America’s oldest coin program was known simply as the “Eagle.” As of the 21st century, no American coin has been in circulation longer than the original run of the Eagle coinage. The coins debuted as $10 (USD) gold coins from the United States Mint as its first-ever striking in 1792. The Gold Eagles, as the coins would become known collectively, were offered in varying denominations from 1792 until the end of the gold standard in the United States in 1933. The primary offering of the series was the $10 Gold Eagle coin. Today, $10 Indian Gold Eagle coins are available to you through JM Bullion’s catalog of Pre-33 US Gold Coinage.
As mentioned, the Gold Eagle coins debuted from the US Mint in 1792 as a $10 (USD) coin. From the very beginning, the United States conceptually linked units of denomination in its coinage to precious or semi-precious metals. The cent coin was used as the base denomination for copper. The dime and dollar coins were the base unit for silver. The eagle coinage was the base denomination used for gold coins. There was one notable exception for eagles compared other coinage.
The United States never referred to eagle coins with specific denominations in units of “eagles.” Instead, the face value was referenced on the coins. For example, a Double Eagle was referenced as “Twenty Dollars” rather than “two eagles.” In total, the Gold Eagles grew to include the $10 Eagle as the standard denomination. The Half-Eagle bore a face value of $5 (USD), the Quarter-Eagle a face value of $2.50 (USD), and the Double Eagle a face value of $20 (USD).
Although there were occasional production caps, the $10 Gold Eagle was in full circulation by 1795 and remained there until 1933. It was the longest-running of the denominations as the Half-Eagle debuted in 1795 and ended in 1929, the Quarter-Eagle debuted in 1796 and ended in 1929, and the Double Eagle debuted significantly later in 1850 with an end date of 1933.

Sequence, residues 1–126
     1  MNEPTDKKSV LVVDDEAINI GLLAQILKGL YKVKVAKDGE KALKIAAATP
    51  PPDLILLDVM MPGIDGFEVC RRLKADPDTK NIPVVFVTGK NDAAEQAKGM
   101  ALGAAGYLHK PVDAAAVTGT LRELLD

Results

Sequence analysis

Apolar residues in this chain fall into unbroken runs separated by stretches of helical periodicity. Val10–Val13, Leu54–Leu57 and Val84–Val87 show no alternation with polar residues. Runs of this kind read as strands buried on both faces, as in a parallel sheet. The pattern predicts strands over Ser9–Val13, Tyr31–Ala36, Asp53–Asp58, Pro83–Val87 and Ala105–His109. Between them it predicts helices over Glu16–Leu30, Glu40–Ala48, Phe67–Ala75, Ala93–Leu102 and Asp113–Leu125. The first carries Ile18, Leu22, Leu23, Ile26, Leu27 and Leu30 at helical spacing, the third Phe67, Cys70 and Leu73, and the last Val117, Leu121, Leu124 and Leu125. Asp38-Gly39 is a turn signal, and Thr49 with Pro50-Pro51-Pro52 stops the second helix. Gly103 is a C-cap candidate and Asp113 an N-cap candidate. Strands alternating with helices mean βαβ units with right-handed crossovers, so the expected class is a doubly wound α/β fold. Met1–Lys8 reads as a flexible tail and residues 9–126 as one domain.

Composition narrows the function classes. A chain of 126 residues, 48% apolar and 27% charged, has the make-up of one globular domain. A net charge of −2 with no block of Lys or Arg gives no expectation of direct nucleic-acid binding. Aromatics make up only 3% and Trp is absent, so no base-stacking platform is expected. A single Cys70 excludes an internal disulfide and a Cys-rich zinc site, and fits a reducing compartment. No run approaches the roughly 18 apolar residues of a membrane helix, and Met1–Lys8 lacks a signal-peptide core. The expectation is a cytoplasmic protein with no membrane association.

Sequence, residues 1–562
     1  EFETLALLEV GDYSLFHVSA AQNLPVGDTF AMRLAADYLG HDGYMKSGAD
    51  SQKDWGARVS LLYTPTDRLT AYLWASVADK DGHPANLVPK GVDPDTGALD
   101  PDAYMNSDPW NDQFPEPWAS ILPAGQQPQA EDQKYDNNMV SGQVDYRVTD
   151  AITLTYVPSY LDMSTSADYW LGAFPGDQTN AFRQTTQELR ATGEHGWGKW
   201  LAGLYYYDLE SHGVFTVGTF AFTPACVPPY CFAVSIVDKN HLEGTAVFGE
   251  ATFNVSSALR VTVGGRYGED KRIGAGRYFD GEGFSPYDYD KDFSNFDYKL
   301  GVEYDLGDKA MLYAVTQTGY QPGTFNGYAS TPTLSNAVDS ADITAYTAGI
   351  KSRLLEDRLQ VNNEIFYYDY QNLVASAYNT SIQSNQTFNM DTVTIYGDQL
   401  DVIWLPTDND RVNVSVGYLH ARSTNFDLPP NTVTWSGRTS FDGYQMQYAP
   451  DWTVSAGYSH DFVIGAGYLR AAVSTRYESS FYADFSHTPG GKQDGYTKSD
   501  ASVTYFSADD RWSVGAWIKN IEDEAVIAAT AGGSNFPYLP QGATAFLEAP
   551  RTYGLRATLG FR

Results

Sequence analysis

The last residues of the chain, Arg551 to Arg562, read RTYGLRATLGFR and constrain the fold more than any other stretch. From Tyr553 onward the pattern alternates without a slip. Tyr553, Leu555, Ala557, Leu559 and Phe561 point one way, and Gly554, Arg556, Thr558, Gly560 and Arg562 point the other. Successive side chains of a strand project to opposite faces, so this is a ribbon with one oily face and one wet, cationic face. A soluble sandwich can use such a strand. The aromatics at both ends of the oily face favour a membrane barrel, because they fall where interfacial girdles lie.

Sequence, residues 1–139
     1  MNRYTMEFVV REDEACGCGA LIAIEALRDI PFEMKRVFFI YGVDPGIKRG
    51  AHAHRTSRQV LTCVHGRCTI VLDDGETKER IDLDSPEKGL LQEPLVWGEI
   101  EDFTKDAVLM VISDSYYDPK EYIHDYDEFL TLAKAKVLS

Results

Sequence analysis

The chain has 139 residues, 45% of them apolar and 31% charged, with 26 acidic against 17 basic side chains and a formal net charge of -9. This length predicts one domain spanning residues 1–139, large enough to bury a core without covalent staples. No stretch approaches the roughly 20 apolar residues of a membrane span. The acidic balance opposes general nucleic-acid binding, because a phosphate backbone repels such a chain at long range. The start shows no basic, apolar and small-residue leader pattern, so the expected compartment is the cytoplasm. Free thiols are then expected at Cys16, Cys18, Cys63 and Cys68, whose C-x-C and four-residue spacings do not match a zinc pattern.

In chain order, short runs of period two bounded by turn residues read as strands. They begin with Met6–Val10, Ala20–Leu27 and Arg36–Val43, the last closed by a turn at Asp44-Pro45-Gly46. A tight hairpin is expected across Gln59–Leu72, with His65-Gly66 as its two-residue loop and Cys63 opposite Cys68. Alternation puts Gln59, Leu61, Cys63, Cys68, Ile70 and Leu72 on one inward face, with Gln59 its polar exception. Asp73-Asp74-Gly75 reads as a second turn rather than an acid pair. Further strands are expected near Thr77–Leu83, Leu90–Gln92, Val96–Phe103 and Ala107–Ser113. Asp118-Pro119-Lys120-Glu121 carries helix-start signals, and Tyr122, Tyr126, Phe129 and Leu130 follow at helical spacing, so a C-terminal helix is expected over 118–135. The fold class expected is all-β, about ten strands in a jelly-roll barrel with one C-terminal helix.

$10 Gold Eagles initially had a 22-karat gold content equivalent to roughly .9166 gold content. In 1834, US gold coin content was lowered to .8992 fineness to reflect the revaluation of gold-to-silver from 15:1 to 16:1. In 1837, gold content was adjusted slightly upward to a flat .900 fine gold, where it would remain until 1933.
Throughout the history of the $10 Gold Eagle coin, the United States Mint has used various depictions of Lady Liberty for the obverse side of the Gold Eagle. The first version came from Robert Scot, 1st Chief Engraver of the United States Mint and is known as the Turban Head Liberty design. The second iteration is known formally as Liberty Head Coronet and came from Christian Gobrecht. For both of these versions of Liberty, the heraldic eagle of the United States accompanied it as the reverse design.
The introduction of the $10 Indian Gold Eagle brought the most unique design to the series and was used from 1907 to 1933. It also came with the introduction of a fresh, new design for the American bald eagle on the reverse. Both images were designed by famed artist-sculptor-engraver Augustus Saint-Gaudens.
Saint-Gaudens had been approached directly by President Theodore Roosevelt in 1905 to help with some engravings. President Roosevelt was displeased with the design of American coinage already, feeling it did not match the nation’s growing international standing. When the then-Chief Engraver of the United States Mint, Charles E. Barber, delivered a subpar design of President Roosevelt’s inauguration medal, he’d had enough. Saint-Gaudens was commissioned to work both on a medal for Roosevelt’s inauguration and new coin designs.
He would use as his point of emphasis a previous design of Liberty in left-profile relief he had created for the cent coinage. The cent design itself came from a sculpting Saint-Gaudens had completed for the statue of Victory in the William Tecumseh Sherman Monument in New York City. The design was never used for the statue, but did appear on the cent. It featured Liberty in left-profile relief with a wreath crown and her hair in a tight bun.